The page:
Daytrana is a patch that is used to treat attention-deficit hyperactivity disorder (ADHD). Unfortunately, the FDA has recently warned that Daytrana may a patient’s risk of serious psychiatric disorders, long-lasting erections (priapism), and cardiovascular events.
What is Daytrana?
Daytrana (methylphenidate patch) is a popular treatment for ADHD, one of the most common childhood brain disorders. Daytrana has an evenly-dispersed layer of methylphenidate and adhesive that is attached to a patient’s skin. It is manufactured by Noven Pharmaceuticals and was approved by the FDA in 2006.
Daytrana Linked to Permanent Skin Discoloration
According to the agency:
“Permanent loss of skin color may occur with use of the Daytrana patch. … This skin condition, called chemical leukoderma, is not physically harmful, but it is disfiguring and not thought to be reversible so can cause emotional distress.”
Daytrana and Long-Lasting Erections (Priapism)
Priapism is a long-lasting, painful, and unwanted erection is caused by blood trapped inside the penis. It is particularly dangerous in children, who may be less likely to tell an adult or recognize symptoms. Unfortunately, the longer treatment is delayed, the higher the risk of permanent erectile dysfunction.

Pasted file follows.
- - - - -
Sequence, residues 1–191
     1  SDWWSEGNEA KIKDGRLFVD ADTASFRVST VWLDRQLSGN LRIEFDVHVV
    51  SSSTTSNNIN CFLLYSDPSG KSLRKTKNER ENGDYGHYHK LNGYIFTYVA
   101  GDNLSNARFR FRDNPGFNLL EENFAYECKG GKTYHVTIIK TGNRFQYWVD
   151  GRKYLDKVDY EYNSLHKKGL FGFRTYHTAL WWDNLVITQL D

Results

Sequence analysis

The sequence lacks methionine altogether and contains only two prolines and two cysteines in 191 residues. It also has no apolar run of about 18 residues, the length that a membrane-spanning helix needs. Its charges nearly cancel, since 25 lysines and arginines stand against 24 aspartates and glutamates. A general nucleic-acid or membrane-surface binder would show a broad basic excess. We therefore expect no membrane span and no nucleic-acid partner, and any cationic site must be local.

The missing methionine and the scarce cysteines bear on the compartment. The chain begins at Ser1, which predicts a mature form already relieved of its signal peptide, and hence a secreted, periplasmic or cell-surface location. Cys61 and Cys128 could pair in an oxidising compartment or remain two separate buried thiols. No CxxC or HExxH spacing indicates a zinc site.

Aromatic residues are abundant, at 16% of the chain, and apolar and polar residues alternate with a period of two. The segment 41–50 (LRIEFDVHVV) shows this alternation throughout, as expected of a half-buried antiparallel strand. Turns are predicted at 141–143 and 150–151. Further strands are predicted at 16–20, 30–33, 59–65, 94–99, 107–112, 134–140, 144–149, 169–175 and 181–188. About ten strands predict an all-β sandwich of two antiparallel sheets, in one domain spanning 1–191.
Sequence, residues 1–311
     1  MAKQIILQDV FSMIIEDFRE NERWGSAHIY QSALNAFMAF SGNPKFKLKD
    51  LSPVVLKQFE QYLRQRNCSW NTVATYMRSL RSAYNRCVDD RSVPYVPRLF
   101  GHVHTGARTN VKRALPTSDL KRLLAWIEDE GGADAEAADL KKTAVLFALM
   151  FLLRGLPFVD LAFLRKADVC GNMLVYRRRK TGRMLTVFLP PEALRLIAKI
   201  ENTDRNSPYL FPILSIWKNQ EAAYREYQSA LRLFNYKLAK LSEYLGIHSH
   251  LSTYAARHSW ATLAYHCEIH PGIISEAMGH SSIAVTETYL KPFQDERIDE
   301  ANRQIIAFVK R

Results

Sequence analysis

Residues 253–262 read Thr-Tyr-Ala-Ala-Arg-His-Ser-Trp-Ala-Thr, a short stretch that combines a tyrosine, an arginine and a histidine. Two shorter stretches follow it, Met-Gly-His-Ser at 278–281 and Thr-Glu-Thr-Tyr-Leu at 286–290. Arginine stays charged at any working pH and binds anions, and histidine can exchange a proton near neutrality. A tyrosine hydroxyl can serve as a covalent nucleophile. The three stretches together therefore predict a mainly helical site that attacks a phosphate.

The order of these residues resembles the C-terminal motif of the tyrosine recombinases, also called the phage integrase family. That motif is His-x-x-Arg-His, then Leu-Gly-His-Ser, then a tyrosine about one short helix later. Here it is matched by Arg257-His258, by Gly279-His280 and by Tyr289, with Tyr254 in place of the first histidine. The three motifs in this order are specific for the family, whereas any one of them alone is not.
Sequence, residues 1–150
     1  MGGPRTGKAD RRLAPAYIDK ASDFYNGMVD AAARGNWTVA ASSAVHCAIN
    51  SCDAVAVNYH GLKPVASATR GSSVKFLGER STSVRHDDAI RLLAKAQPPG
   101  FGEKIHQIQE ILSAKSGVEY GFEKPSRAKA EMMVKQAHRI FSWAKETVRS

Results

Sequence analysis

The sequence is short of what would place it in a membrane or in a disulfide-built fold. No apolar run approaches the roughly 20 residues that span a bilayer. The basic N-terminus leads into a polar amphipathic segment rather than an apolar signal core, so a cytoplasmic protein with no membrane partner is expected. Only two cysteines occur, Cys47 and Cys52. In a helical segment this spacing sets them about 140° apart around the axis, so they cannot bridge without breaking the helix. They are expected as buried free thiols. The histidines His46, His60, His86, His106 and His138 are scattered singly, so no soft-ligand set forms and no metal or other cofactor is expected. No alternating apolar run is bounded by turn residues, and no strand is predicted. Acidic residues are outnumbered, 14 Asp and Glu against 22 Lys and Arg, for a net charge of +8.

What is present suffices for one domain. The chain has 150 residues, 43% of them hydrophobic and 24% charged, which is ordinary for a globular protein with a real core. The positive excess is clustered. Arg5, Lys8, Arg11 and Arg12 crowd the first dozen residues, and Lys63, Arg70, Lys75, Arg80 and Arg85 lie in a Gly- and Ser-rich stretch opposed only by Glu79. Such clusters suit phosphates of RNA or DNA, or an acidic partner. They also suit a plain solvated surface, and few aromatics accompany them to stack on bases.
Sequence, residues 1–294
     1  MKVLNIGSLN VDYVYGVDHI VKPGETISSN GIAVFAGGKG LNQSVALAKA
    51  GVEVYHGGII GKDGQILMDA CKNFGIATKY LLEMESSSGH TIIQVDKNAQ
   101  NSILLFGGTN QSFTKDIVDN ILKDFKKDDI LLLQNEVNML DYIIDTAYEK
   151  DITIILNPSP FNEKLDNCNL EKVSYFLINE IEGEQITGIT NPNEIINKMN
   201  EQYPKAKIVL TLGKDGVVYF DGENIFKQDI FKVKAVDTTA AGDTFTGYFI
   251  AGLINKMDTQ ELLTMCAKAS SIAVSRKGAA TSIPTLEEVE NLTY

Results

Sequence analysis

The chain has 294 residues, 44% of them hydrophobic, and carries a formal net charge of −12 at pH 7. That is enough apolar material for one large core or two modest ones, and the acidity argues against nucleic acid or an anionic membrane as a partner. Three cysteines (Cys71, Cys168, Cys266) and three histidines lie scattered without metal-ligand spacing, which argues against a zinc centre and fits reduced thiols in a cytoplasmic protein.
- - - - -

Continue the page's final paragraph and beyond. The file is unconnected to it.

Between 1997 and 2012, the FDA received 15 reports of priapism in association with methylphenidate. Priapism can occur in men of any age, and ages ranged from 8 to 33 years old (median age 12.5 years). Two patients needed surgery, including one who had blood drained from his penis and another who had a shunt implanted to divert blood-flow away from the penis.
FDA recommendation for children on Daytrana:
“Priapism associated with the use of methylphenidate products appears to be rare. However, given the potential for serious outcomes, it is important that patients, caregivers, and health care professionals be aware of the need to seek immediate medical attention for priapism to avoid permanent harm.”
Daytrana Heart Risks
Several years ago, the FDA warned about possible cardiovascular side effects of ADHD drugs after receiving 25 reports of death, including 19 in children, between 1999 and 2003. The FDA also received 54 reports of non-fatal cardiovascular events and required a “Boxed Warning” on the label.
Since then, a study of more than 1.2 million children has found no increased risk of cardiovascular events, prompting an FDA announcement in 2011. Even so, the FDA recommends that children on Daytrana should have routine check-ups for changes in heart rhythm or elevated blood pressure.
Daytrana cardiovascular side effects may include:
- Hypertension (high blood pressure)
- Heart rhythm is fast, uneven, or pounding
- Cardiac arrhythmia or palpitations
- Heart attack
- Sudden cardiac death